Recipients of Deferred Action for Childhood Arrivals (DACA) and beneficiaries of Temporary Protected Status (TPS) under U.S. immigration law can travel abroad to study without compromising their immigration status. Advance Parole is a document that allows students with these immigration statuses to spend some time outside of the United States and return. People who also have pending adjustment of status green card applications can also apply for Advance Parole so they can study abroad without abandoning their applications. ImmigrationHelp.org is a nonprofit that can help you prepare your Advance Parole application for free. In this article, we'll highlight the educational reasons that can be the basis of an Advance Parole application, and then explain the application process itself.
Deferred Action for Childhood Arrivals (DACA) recipients, Temporary Protected Status (TPS) recipients, and adjustment of status and asylum applicants can get Advance Parole travel documents for educational purposes.
You need Advance Parole documents to travel abroad if you have DACA status. U.S. Citizenship and Immigration Services (USCIS), a Department of Homeland Security (DHS) agency, grants educational Advance Parole. DACA students can travel for study-abroad programs or academic research. You must be in the United States when renewing your DACA status. You must also be in the country for any biometrics appointments.
Temporary Protected Status (TPS) recipients must be physically present in the United States. So, they’ll need Advance Parole if they wish to travel abroad. USCIS generally grants them Advance Parole without requiring a specific reason for travel.
Adjustment of Status (AOS) applicants need Advance Parole before leaving the country. Without Advance Parole, applicants can jeopardize their AOS application. AOS applicants can apply for business overseas assignments, urgent humanitarian reasons, or personal travel reasons.
Asylum applicants need Advance Parole before traveling abroad. But be aware that returning to your home country could weaken your asylum claim.
Note that Advance Parole doesn’t guarantee re-entry to the country after traveling for education purposes. U.S. Customs and Border Protection (CBP) could deny you entry at a port of entry if you don’t comply with the terms of your Advance Parole or at their discretion even if you did comply.
Travel abroad may impact your future immigration status negatively or positively. If you’re in DACA status, returning to the United States successfully with Advance Parole will make you meet the legal entry requirement for green cards. On the other hand, a path to long-term permanent residence for DACA is still unavailable. It is possible that U.S. lawmakers may pass a law allowing DACA recipients to become permanent residents on the condition that they are present in the United States on a specific date. If you happen to be abroad at the time, you may end up ineligible. This is a possible risk to keep in mind.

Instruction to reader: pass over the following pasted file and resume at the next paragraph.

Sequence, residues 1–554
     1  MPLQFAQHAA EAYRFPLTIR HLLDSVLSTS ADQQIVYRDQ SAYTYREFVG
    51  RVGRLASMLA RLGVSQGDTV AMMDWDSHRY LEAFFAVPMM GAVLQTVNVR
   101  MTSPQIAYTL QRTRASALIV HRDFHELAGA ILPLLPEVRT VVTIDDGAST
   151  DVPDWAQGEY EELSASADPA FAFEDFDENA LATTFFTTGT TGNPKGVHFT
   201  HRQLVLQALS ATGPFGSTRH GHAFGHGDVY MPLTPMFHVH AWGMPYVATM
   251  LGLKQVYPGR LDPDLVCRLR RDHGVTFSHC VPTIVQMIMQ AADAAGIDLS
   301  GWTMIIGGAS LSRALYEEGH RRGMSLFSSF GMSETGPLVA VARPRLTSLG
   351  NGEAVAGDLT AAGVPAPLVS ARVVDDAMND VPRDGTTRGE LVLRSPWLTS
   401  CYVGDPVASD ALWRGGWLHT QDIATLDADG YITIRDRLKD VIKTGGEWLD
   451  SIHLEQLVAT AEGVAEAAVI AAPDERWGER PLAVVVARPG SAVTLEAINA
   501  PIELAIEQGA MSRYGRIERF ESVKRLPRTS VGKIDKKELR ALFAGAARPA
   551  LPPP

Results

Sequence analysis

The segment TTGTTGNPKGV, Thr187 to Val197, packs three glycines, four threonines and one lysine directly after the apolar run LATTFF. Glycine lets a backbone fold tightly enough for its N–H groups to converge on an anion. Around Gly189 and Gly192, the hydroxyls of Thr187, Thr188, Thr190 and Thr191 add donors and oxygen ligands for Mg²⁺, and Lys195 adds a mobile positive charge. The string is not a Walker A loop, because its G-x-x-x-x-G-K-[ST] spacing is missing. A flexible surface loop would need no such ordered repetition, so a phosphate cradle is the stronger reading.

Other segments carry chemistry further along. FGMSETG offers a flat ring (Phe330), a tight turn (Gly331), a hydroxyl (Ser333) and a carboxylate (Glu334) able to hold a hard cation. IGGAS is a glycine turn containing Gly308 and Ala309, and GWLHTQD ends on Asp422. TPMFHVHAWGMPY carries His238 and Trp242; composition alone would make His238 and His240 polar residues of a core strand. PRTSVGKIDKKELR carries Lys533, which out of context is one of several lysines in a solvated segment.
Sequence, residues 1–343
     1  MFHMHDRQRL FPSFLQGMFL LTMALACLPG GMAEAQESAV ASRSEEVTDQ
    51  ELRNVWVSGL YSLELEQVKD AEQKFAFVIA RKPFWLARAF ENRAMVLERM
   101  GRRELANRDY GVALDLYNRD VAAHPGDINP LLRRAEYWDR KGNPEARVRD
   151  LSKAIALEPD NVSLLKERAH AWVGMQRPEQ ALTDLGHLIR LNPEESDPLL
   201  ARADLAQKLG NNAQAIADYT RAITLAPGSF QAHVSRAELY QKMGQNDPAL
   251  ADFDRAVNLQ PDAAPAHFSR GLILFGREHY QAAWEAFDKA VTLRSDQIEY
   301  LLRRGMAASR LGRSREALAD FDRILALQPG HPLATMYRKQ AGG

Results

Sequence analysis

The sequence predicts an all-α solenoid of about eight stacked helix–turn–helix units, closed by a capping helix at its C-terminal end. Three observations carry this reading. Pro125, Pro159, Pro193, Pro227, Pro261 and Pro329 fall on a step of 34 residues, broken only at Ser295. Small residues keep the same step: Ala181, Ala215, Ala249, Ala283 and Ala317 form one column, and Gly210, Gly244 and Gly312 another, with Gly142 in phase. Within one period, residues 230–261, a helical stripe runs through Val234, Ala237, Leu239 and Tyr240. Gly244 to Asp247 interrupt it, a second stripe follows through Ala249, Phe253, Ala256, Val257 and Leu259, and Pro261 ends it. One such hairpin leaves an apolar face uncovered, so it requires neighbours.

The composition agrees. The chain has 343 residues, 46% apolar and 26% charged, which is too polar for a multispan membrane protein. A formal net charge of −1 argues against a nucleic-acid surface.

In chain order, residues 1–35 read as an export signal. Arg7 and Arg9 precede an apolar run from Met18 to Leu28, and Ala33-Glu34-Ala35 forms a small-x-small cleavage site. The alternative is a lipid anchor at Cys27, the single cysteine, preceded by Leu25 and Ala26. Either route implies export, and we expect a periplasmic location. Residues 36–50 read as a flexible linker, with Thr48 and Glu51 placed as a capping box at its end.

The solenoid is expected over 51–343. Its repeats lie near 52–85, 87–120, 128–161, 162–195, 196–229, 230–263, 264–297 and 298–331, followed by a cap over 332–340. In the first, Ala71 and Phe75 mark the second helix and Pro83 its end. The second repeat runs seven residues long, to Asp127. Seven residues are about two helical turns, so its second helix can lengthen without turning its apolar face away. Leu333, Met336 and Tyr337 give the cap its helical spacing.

To submit an educational Advance Parole request, you’ll need to file Form I-131. You’ll also need to submit evidence proving your trip’s educational purpose.
Form I-131 is U.S. Citizenship and Immigration Services’ (USCIS) “Application for Travel Document.” Form I-131 will ask you to describe your reason for traveling and also where you’re traveling. You’ll need to provide your travel dates and sign the form when you’ve completed it.
There are different fees to file the form based on your application type. Visit USCIS’s website to determine your filing fee. You can make your payment with a check or money order. You can also pay with a credit card using Form G-1450. Your financial situation may also qualify you for a fee waiver. See USCIS’s instructions to request a fee waiver if this applies to you.
You’ll need to provide these supporting documents with your filing fee payment and your signed Form I-131:
Unless USCIS asks for originals, be sure to only submit document copies.
Finally, you’ll need to mail in your application packet. Your application packet should include all your supporting materials, signed forms, and fees. Find out which field office you’ll mail your packet to on U.S. Citizenship and Immigration Services’ (USCIS) website. Be sure to keep a copy of your application for yourself.
Applying for Advance Parole for educational purposes can be complicated, but working with a good immigration attorney can make it easier. If you can't afford the attorney fees for legal advice and don't want to handle your Advance Parole case alone, we may be able to help. If you are eligible, our free web app will walk you through the process and help you prepare and file your application with the U.S. government. Click "Get Started" to see how we can help make your American dream come true!